BiH Presidency Chairman Šefik Džaferović addresses a meeting of leaders at United Nations

BiH Presidency Chairman Šefik Džaferović addresses a meeting of leaders at United Nations

SARAJEVO, September 29 (FENA) – Chairman of the Presidency of Bosnia and Herzegovina, Šefik Džaferović, addressed a meeting of leaders on the sidelines of the 75th Session of the United Nations General Assembly entitled “Financing for Development in the Era of COVID-19 and Beyond”, organized by Canadian Prime Minister Justin Trudeau, UN Secretary-General Antonio Guterres and Jamaican Prime Minister Andrew Holness.

The address of the Chairman of the Presidency of BiH, Šefik Džaferović, follows below in its entirety:

It is my exceptional honor, as the Chairman of the Presidency of Bosnia and Herzegovina, to address you at an extremely important discussion on the topic of global development in times of crisis.

These are all important issues for my country, so let me address each of them briefly:

– External financing and remittances – BiH is one of the countries with the largest inflow of remittances (about 9% of GDP) in the world and many segments of the economy function on that basis and a significant number of inhabitants support their standard of living like that. Disturbances in their inflow can have a significant impact on the domestic economy. Foreign direct investment is also an important source of external financing, but also of obtaining new technologies and access to foreign markets, so it is necessary to initiate that they continue and eliminate obstacles and closure of flows from the developed world.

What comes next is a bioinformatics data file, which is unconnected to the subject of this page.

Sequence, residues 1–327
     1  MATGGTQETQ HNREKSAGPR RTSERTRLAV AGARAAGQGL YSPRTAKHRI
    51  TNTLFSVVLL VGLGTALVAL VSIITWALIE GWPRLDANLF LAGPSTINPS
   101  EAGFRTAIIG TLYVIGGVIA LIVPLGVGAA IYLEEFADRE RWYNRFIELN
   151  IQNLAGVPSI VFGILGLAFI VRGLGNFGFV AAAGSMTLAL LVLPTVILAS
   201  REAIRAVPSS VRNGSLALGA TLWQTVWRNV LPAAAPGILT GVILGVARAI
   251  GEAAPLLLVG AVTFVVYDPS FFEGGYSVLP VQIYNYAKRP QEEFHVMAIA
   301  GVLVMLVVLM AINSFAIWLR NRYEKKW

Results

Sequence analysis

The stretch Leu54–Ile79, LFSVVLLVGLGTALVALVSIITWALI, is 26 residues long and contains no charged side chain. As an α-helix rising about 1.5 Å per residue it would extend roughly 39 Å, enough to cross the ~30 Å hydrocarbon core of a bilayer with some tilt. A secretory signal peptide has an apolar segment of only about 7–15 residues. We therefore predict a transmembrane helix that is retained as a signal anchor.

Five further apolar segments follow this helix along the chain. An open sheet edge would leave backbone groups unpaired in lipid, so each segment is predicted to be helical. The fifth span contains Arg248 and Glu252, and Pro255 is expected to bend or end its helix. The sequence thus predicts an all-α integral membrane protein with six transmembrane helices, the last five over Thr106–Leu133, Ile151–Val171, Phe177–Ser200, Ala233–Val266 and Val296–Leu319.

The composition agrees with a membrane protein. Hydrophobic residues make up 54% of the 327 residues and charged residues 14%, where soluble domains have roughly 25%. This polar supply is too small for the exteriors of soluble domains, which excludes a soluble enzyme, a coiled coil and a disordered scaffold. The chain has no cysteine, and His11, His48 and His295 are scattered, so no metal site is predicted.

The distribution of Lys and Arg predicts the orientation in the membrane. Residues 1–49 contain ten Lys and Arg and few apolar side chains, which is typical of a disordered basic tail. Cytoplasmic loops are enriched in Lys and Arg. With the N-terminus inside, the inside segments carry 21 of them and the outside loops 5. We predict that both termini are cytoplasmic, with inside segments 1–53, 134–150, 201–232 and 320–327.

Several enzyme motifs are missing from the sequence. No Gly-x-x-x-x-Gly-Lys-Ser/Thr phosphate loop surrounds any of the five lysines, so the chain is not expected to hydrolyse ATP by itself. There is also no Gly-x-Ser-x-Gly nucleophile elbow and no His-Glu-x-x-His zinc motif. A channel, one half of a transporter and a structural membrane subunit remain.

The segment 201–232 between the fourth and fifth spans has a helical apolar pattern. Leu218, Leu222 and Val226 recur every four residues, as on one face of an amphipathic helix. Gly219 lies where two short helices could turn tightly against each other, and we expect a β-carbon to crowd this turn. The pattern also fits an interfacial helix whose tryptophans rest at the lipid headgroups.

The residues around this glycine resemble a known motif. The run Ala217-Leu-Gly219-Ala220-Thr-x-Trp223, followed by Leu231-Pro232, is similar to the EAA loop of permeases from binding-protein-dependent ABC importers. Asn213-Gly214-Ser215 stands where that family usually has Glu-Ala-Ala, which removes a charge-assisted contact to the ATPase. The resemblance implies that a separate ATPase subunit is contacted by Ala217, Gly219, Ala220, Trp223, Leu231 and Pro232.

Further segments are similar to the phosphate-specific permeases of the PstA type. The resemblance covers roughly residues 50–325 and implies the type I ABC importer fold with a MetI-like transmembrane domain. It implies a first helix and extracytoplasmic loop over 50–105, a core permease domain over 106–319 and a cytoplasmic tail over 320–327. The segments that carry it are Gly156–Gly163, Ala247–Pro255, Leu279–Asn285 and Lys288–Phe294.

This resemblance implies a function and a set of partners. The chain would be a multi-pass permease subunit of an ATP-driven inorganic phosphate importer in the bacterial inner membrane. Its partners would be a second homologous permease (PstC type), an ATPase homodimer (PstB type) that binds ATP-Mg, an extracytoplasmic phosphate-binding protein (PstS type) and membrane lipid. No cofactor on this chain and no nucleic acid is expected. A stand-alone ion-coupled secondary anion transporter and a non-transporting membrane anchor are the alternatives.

– The debt burden is not an acute problem for Bosnia and Herzegovina and our debt servicing is orderly and stable. But the times of crisis in which we live call for efforts to be made to ease the position of debtors, to be temporarily relieved so that fiscal revenues can be used to repair damages and save the economy.

– Involvement of the private sector is crucial, and developing countries are often not attractive for large private investments. Our banking system is predominantly foreign-owned, and based on that, it has had the necessary stability in recent years. Increased private sector engagement can strongly encourage development, and these measures must be designed so that private lenders recognize the opportunities. Capital outflows from over USD 100 billion in developing countries at the beginning of the crisis clearly show that we do not have an adequate system and that developing countries are the first victims of financial disruption, which has serious consequences for their development

– Sustainability of recovery – Bosnia and Herzegovina has clearly supported all global initiatives and will continue to strive to preserve the environment, reduce pollution according to international conventions, but in these efforts we expect the help of development agencies, donor countries and others.

– Global liquidity and financial stability – urgent financial assistance that our country has received – or is on the way to receive – has had a very positive effect on our liquidity and has mitigated the consequences of the crisis. It shows how important it is to intervene in such times, and we welcome further efforts to expand aid and allocate it to countries in need, as this prevents the collapse of the existing international monetary architecture and enables economic cooperation between countries.

– Illegal financial flows must be strictly monitored and detected, because they undermine economic systems and endanger security. We express our full support and we will be the mainstay in international coordination on detecting illegal financial flows.

Finally, I would like to emphasize once again the full support for the Initiative on Financing for Development in the Era of COVID 19 and Beyond, with a call for solidarity between developed and developing countries, because the lives of generations to come will depend on the decisions made by our generation.